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Trucks seen as possible weapons

By ASSOCIATED PRESS
Published June 9, 2006


TORONTO - Jailed terror suspects accused of plotting attacks in Canada had been making plans to detonate truck bombs against the stock exchange and the country's spy agency, according to a news report citing court documents.

The Canadian Broadcasting Corp., which obtained the documents filed in the case against 12 men and five teenagers, reported that some of the men allegedly identified possible targets including the Toronto Stock Exchange, an unspecified military installation and the headquarters of the Canadian Security Intelligence Service.

A defense lawyer for one suspect revealed earlier that prosecutors accuse some of the Muslim defendants of plotting to storm Parliament, take politicians hostage and behead them unless Canada withdrew its troops from Afghanistan.

Canadian authorities have released only a terse summary of the charges. More detailed documents, though not officially released, have been obtained by some Canadian news organizations.

The Royal Canadian Mounted Police announced Saturday that authorities had foiled a terrorist attack and said 12 men and five teenagers had obtained three tons of ammonium nitrate fertilizer, three times what was used in the 1995 Oklahoma City bombing that killed 168 people.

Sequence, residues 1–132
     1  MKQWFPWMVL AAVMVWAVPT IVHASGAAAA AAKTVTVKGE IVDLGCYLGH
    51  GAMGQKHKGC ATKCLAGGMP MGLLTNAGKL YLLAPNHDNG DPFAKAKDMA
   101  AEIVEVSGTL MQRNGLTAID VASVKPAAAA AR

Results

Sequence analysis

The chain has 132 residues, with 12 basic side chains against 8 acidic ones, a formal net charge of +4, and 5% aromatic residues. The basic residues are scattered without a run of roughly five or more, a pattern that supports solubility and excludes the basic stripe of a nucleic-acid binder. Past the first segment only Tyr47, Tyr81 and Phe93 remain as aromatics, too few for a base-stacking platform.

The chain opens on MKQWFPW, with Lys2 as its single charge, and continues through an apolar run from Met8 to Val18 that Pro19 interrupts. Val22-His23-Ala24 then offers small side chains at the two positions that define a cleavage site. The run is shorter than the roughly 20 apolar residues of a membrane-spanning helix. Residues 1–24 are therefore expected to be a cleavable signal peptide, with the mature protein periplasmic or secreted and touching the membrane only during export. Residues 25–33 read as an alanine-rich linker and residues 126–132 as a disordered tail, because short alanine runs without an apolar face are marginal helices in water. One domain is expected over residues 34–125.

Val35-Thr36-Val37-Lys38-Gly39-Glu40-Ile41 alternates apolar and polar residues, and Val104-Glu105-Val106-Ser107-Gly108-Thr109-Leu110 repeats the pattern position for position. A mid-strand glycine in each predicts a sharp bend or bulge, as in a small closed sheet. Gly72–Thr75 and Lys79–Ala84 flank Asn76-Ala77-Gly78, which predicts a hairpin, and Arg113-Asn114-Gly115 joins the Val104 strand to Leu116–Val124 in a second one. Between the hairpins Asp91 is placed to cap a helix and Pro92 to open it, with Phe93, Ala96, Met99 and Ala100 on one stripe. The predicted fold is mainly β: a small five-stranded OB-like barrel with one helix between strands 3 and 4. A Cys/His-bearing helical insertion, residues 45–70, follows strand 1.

But some police later said that although the suspects had sought to obtain ammonium nitrate, they actually had been delivered a safe substance instead during a sting last Friday. It remained unclear whether the men had obtained the material used in making bombs.

According to court documents cited by the CBC, 20-year-old Zakaria Amara led efforts to buy enough ammonium nitrate through sellers on the Internet to make three truck bombs, and had obtained a remote triggering device that investigators found at his home in Mississauga.

One of the suspects, Steven Vikash Chand - who went by the alias of Abdul Shakur - belonged to a military reservist unit, the Royal Regiment of Canada, police Cmdr. Denise Laviolette said. The CBC said he had received some military training.

The documents also allege that Shareef Abdelhaleen, 30, was helping collect the bomb-making materials, the CBC reported.

[Last modified June 9, 2006, 06:43:20]


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